As the city prepares to dismantle Occupy New Haven on the upper Green at high noon Tuesday, three key organizers have decamped to an undisclosed location—to begin dismantling capitalism from the ground up.
The organizers took the Independent, blindfolded, to their new outpost to describe where their movement heads next as its tent-city roots disintegrate on the Green.
The three men were among the founding members and public spokesmen for Occupy New Haven, the protest camp that has held a portion of the upper Green for nearly six months, until a recent bout of ugly infighting. (Read about that here.) After a ruling handed down by federal Judge Mark Kravitz Monday, the city can remove the encampment starting at noon Tuesday.
As the last chapters of the eviction drama play out, the three have abandoned the occupation and headed “underground.” They’ve installed themselves in an apartment at an “unknown” location in a New Haven neighborhood, where they said they’ve already begun working on the next phase of a movement to create a new society of skill-sharing, self-reliance, and self-governance. (They do, however, plan to return to the Green Tuesday in a “solidarity of friendship” to watch the final showdown between the authorities and the encampment they helped birth.)
In an effort to announce the launch of their new project and say a final farewell before disappearing, one of the organizers called the Independent last week to set up the interview.
He told me he’d pick me up on Friday and take me to the “Appleseed” movement’s new home base. He said I’d have to be blindfolded. I suggested I could just keep the location off the record.
But wouldn’t it make for a better article if you were blindfolded? he replied.
At 4:30 p.m. on Friday an organizer pulled up in a gray Kia Sorrento outside the DelMonico hat shop on Elm Street. He had a black bandanna over his nose and mouth, as did the woman in the passenger seat, who trained a cell phone video camera on me as I climbed in the backseat. A third member, in the back and also masked, pulled out a black bandanna decorated with skulls-and-crossbones and tied it over my eyes.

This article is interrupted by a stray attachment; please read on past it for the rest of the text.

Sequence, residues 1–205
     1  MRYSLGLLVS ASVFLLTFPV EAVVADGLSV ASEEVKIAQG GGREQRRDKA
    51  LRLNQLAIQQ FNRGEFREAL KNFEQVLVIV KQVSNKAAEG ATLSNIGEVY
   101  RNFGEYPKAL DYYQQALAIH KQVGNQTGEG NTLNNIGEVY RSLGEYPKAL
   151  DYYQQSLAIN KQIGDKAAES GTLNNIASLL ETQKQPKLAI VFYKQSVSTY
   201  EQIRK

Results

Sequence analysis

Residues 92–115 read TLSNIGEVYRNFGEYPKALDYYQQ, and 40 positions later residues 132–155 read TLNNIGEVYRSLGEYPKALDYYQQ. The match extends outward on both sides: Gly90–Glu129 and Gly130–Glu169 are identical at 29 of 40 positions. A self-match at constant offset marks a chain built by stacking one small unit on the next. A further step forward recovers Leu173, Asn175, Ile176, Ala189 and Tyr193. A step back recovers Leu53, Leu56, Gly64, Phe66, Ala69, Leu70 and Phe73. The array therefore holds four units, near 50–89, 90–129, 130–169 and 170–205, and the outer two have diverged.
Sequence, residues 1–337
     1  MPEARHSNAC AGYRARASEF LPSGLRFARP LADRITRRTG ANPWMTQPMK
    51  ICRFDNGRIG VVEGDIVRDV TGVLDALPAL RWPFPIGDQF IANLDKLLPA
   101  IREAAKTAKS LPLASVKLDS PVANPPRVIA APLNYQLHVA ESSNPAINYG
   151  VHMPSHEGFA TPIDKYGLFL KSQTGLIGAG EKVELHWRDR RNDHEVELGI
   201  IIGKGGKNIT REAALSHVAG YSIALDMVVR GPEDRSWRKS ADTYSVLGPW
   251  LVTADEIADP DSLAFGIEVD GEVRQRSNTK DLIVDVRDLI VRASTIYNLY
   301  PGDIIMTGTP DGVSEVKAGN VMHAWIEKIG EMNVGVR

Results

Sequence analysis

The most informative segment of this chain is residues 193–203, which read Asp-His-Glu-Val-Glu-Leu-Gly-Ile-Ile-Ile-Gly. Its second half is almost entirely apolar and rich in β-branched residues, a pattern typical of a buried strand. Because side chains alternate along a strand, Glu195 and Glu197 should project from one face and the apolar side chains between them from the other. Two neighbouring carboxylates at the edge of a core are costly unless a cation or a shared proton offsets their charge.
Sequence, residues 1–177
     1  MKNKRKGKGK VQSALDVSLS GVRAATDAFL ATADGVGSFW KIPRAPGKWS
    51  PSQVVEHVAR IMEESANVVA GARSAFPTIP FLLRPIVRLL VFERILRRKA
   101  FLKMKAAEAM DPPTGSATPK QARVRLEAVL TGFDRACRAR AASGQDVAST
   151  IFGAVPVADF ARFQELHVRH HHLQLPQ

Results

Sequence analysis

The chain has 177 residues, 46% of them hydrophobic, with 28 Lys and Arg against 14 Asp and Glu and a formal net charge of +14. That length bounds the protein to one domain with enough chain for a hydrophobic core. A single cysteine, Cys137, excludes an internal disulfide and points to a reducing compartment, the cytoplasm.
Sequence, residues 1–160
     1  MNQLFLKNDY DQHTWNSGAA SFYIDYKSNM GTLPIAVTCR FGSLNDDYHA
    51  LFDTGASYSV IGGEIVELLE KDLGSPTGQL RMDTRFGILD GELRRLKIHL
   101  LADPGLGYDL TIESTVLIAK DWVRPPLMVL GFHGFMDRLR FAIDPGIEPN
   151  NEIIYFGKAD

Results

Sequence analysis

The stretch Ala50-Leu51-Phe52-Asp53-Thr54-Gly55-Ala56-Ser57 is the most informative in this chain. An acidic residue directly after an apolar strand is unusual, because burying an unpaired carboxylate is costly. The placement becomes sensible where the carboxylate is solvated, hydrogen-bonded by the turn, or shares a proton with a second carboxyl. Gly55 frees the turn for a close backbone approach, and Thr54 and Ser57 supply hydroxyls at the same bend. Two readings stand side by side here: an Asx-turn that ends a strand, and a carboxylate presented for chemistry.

“Coyote at home base, this is Snake. We have the package,” one of the masked men in the SUV said into a cell phone.
Skrillex’s “First Of The Year” blared from the car stereo complete with the disconcerting chorus of someone shrieking “Call 911 now!”
We drove without conversation for about 15 minutes. Three aggressive electronic songs and one intentionally circuitous drive later, the car arrived at the new headquarters of the “Appleseed Affinity Group,” an Occupy New Haven splinter cell. Snake put a bag over my head. I was led by the hand up about a half-dozen steps, onto a porch and into a building.
I was guided to a seat on a chest cooler, where I was allowed to remove the bag and blindfold, revealing a wood-floored room with the curtains drawn, furnished only with two folding chairs, a milk crate, and bank of home-recording equipment. A popper-stoppered mic on a boom stand was connected to a laptop running CoolEdit Pro. Audio from the ensuing interview was recorded while the woman—who declined to give her name or totem animal—shot cell-phone video.
Coyote poured English Breakfast into a matching tea set. “Do you prefer sugar?”
The three sat on the chairs and crate. Sipping tea with the bandannas over their mouths presented a problem for the revolutionaries, so the masks came down—on the condition that I not take pictures with their faces showing.
“Behind the masks we are you,” Coyote explained.
“Hello from the underground,” Cricket began.